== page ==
The table below details the company’s segment-by-segment revenue performance.
Is The US Healthcare Crisis Brewing?
The healthcare business’s economic outlook is in peril as forces work to undermine both affordability and access. The gaps can only be filled with widespread innovation. A century-rare pandemic has put the healthcare system in the eye of the hurricane. The combination of rising costs, access problems compounded by clinical staff shortages and COVID-19, and stagnant population-level improvement in outcomes is cause for alarm. This impending storm threatens to completely upend the healthcare system and wipe out nearly half of the industry’s profit pools.
What’s next: Some Rough Seas?
COVID-19 ended a decade of tranquility in US healthcare. Healthcare spending grew 0.3 percentage points above real GDP from 2010 to 2019. This is in contrast to the preceding decade, where the gap was 3.0 percentage points before the passage of the Affordable Care Act. In the past, government budgetary interventions have been necessary during healthcare expenditure increases that significantly outpaced economic development.
These economic recessions also spurred healthcare improvements. Two consecutive quarters of negative GDP growth have raised the possibility of a recession as inflation remains at its highest level since the 1970s. Thus, healthcare instability is more likely. A study by McKinsey & Co. found that between 2022 and 2027, national health spending might increase by 7.1%, which is significantly higher than the average GDP growth forecast of 4.7%.
Collectively, this scenario would amount to healthcare spending growth of 2.4 percentage points over GDP growth. There will be significant affordability pressure in 2023 if health expenditure growth is as much as 5.9 percentage points higher than economic growth. Short-term high inflation, a continuing clinical staff shortage, and slower economic growth in 2023 all contribute to the possibility that healthcare expenditure growth could significantly outpace economic growth in the coming years.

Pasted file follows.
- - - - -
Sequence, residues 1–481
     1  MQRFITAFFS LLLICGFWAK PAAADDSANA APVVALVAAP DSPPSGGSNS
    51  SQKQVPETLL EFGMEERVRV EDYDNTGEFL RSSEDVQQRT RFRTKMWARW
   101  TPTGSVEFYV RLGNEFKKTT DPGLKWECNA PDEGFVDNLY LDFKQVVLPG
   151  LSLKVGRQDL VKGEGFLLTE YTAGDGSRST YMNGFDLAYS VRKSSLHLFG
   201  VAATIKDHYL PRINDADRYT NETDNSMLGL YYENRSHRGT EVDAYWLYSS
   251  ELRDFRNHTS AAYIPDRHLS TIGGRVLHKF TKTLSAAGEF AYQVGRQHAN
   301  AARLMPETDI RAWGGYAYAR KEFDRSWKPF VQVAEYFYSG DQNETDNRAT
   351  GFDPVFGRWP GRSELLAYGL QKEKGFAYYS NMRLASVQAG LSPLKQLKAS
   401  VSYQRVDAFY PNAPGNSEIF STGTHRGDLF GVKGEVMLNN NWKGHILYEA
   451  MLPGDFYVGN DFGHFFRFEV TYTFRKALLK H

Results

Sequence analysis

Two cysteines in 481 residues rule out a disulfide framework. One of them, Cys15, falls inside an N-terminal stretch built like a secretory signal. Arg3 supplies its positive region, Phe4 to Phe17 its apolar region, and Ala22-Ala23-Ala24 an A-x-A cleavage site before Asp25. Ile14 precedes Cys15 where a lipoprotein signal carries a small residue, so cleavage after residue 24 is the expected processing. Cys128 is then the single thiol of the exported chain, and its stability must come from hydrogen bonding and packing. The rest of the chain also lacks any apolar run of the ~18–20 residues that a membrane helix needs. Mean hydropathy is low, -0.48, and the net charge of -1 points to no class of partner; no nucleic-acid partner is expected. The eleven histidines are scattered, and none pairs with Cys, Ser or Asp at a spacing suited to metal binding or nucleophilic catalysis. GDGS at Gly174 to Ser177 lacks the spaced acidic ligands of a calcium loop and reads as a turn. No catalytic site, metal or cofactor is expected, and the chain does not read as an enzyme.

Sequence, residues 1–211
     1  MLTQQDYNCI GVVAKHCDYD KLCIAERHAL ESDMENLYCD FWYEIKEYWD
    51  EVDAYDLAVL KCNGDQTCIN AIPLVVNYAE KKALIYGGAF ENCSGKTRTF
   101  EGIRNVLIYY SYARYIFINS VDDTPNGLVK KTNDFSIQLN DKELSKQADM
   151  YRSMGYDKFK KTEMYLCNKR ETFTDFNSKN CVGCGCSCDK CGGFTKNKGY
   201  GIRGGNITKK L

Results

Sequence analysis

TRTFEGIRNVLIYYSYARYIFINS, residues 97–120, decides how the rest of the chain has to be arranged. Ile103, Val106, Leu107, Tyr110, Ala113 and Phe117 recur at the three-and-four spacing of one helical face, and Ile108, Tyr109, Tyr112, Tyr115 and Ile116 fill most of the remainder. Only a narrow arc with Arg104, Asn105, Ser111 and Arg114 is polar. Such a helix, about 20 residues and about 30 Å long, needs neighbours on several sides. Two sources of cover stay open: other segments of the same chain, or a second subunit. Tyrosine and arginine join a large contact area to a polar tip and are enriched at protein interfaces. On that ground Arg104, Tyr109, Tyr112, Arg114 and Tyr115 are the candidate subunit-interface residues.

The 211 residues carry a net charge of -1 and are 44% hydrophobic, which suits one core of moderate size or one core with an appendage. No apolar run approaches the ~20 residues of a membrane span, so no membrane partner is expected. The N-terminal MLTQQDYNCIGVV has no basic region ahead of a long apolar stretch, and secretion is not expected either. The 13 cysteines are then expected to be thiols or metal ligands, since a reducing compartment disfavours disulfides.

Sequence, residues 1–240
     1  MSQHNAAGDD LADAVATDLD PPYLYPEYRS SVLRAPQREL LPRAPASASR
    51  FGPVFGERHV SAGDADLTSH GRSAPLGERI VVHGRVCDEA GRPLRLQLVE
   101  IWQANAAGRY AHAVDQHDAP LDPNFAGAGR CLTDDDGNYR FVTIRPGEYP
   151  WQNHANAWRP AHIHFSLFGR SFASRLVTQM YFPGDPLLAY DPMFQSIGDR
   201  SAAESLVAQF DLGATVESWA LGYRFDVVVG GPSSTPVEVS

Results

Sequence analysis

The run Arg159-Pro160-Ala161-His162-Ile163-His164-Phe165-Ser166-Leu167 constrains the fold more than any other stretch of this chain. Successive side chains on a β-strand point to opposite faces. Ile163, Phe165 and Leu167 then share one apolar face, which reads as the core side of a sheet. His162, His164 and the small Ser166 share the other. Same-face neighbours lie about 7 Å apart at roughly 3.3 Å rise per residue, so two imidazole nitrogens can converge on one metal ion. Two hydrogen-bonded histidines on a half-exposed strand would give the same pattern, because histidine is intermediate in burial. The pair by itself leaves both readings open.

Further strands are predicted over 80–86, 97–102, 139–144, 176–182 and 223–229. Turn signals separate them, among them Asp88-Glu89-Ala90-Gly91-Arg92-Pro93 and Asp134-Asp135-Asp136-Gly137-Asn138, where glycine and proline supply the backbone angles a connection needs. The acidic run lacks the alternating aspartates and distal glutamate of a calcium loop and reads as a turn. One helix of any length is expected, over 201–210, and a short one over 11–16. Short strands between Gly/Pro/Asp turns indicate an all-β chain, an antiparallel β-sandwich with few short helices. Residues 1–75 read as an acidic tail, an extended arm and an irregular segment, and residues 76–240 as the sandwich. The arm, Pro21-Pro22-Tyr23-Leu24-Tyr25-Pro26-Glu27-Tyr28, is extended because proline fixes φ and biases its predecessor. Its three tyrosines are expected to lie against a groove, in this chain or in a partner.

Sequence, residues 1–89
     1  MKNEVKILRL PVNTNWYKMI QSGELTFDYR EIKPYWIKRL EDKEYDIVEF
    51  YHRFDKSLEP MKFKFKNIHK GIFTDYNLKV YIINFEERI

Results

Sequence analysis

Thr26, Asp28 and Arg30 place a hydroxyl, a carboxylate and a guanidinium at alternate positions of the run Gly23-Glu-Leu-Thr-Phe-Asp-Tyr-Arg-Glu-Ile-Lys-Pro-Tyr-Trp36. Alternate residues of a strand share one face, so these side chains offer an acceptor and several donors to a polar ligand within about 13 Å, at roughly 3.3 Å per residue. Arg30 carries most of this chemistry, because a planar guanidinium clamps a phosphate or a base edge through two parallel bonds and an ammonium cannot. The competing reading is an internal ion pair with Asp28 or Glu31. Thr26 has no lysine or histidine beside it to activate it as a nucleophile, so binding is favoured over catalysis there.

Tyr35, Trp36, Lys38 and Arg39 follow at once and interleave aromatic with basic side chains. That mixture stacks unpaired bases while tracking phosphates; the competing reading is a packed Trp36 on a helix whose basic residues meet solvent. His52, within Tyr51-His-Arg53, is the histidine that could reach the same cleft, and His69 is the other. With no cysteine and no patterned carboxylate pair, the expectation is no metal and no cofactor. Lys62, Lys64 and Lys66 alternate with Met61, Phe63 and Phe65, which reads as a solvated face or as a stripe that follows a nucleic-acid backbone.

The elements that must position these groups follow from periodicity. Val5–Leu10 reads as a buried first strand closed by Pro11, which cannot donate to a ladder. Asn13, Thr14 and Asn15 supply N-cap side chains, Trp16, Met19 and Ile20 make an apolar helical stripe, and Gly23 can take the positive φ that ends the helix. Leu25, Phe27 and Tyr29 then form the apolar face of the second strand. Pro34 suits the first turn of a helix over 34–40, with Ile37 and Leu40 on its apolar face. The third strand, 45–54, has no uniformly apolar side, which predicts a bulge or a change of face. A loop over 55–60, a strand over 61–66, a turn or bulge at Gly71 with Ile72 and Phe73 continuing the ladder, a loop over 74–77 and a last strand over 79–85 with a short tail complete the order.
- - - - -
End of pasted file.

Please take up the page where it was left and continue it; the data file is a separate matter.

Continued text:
The combination of much greater healthcare costs than predicted and the difficulty end payers [employers, consumers, and government] face in paying for this increase will cause a reckoning in the industry. This rise may be too much for end payers, forcing industry participants to spend more or jeopardize EBITDA. The aforesaid causes might put $450 billion of EBITDA [more than half of the expected 2027 profit pool] at risk.
Opinion: Can UNH Ride Out These Stormy Times?
Consumers desire value, especially in the current economic environment. I concur with the company’s CEO that this includes making high-quality healthcare accessible, inexpensive, and receptive to patients’ requirements.
In light of this context, this section will outline my reasons for thinking the company is giving value at a very inexpensive charge and accessible, something I feel will slingshot the company towards successfully sailing the rough sea. UNH has ramped up its efforts to deliver on this crucial customer value, initiating several initiatives to expand its reach into new communities and strengthen its connections with the individuals it serves.